February 04, 2005

In Want of a Phone

May the thief who stole it be infested by a thousand lice. I bought a second-hand phone today as a replacement for my stolen unit. Some people may cringe at how plebian that may sound, but in my current situation wherein I have yet to receive my first paycheck, any phone for that matter will do. Having no phone at first felt liberating, but as soon as the commitments and obligations pour in, one cannot stand idly by and watch his job and private life slip pass through him. And although I crave to have a MMS-supported celphone with the cameras, videos, MP3s and whatnots, I don't have the means to demand for it. Mom can procure one but at this age and time, demanding for such a unit is deemed ostentatious. It's like saying that the poor cannot eat three times a day, and yet they still have a budget for buying load.
So, no choice but to get a cheaper phone; at least my headache will not be as intense if this one gets stolen again.

And so I got a 2nd-hand 6210 that has neither been repaired, tinkered, nor reconditioned. I found out that older discontinued phones peddled by scam artists inside Greenhills, Robinson's malls, and tiangges have been opened and recondition to look like brand new. It is dangerous to buy one because, according to one of the stall owners, the signal becomes unpredictable. Perhaps that is the reason why its warranty covers for a year. These sellers are really devious, cunning and shrewd, just like Shylock the Jew in Shakespeare's Merchant of Venice. In the Philippines' the bad rap for shrewdness goes to our fellow Muslims from the south. My experiences in DVD buying in their lairs in Downtown Quiapo affirms that sentiment.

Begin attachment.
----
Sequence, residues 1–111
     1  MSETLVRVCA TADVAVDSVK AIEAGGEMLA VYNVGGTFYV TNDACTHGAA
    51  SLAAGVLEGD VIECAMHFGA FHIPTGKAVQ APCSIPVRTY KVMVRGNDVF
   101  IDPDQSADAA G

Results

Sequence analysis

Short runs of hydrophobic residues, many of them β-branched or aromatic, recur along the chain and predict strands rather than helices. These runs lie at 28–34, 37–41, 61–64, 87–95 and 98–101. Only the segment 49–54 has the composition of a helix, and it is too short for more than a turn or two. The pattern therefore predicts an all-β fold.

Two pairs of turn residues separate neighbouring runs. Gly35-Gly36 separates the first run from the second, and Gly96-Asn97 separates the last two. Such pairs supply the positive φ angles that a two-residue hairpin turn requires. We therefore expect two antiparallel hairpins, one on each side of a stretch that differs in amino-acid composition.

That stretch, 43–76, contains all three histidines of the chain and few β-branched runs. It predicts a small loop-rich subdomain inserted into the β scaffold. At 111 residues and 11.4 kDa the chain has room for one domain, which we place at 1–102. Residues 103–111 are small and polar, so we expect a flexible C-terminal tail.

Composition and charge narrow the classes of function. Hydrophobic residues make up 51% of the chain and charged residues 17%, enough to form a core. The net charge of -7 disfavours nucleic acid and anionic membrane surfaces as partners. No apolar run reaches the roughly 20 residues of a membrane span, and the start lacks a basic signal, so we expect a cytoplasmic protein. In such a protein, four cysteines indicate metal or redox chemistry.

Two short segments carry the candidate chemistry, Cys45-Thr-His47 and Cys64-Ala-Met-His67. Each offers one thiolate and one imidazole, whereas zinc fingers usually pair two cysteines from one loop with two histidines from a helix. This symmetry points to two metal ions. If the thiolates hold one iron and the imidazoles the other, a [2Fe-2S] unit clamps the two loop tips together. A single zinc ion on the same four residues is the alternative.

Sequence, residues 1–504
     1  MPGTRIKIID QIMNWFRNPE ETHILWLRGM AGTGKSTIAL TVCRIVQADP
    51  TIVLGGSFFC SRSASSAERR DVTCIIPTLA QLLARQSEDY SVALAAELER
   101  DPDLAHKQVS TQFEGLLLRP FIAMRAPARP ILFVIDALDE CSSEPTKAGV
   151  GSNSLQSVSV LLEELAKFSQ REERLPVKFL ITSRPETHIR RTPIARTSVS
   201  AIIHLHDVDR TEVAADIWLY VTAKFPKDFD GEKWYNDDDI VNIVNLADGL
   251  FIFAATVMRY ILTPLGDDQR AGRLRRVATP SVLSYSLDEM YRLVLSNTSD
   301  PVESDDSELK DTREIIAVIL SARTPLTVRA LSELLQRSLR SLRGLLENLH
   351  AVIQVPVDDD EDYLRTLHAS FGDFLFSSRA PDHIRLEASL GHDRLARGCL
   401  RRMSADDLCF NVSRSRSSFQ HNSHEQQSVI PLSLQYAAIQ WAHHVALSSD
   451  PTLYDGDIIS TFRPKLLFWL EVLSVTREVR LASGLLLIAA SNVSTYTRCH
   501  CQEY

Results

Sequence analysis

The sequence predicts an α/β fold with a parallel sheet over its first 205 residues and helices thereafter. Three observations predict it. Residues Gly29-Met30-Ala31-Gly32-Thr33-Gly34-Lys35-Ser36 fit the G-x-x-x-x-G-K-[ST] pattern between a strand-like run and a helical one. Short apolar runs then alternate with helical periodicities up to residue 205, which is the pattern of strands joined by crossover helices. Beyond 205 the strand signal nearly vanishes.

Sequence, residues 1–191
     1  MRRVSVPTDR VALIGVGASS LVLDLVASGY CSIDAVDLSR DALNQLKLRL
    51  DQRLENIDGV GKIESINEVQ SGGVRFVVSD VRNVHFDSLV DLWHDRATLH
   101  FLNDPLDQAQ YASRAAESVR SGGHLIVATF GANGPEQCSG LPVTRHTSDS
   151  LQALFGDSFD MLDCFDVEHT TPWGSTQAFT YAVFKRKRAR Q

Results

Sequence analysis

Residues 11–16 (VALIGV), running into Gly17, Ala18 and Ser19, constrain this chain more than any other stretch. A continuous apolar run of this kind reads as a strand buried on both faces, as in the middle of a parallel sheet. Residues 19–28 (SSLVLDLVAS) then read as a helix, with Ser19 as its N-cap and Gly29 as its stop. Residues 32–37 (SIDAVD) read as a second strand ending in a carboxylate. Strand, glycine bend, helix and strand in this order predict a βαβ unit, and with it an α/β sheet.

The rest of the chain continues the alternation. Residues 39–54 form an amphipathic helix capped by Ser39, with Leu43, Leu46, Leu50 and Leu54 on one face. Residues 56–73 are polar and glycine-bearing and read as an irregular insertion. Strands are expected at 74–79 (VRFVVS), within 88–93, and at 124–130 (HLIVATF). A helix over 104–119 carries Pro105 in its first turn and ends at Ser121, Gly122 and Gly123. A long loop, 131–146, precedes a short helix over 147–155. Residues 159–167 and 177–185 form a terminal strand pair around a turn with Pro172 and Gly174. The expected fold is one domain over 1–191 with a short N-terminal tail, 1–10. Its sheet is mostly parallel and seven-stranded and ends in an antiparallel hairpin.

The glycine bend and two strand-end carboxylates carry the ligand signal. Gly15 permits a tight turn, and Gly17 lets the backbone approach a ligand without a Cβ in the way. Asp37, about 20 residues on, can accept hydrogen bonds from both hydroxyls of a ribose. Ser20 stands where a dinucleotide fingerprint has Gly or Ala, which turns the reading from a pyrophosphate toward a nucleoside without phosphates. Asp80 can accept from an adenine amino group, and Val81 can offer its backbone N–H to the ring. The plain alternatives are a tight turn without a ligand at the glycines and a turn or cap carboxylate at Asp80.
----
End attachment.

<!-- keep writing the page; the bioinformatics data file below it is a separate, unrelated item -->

Speaking of MMS phones, I really have to congratulate Globe, Smart and Sun companies for brainwashing the whole population in making them crave for higher-end phones, spawning pickpockets and hold-ups everywhere. Thanks for the colored ads in the Star and Inquirer where you placed celebrities brandishing and enjoying your latest model, hence, making us feel that we have to change phones every year so to keep up with the latest Nokia. Thank you also for making us feel that our phones are never good enough (or never functional enough) where in fact the only use for it is texting and calling up people. Thank you also for not reminding us that our phone's market value will drop half-fold by the end of the year thereby making us unaware of the wasted money we invested in such a "depreciable" unit. Take for instance the Nokia 6600: at first, it was being sold at P24,000, then after a year, P18,000, now, P16,000, and if one gets it at Buy&Sell it's P12,000. This is sad, really sad.

Now, who's more shrewd? Cellphone companies or the muslim sellers? Take your pick.

No comments: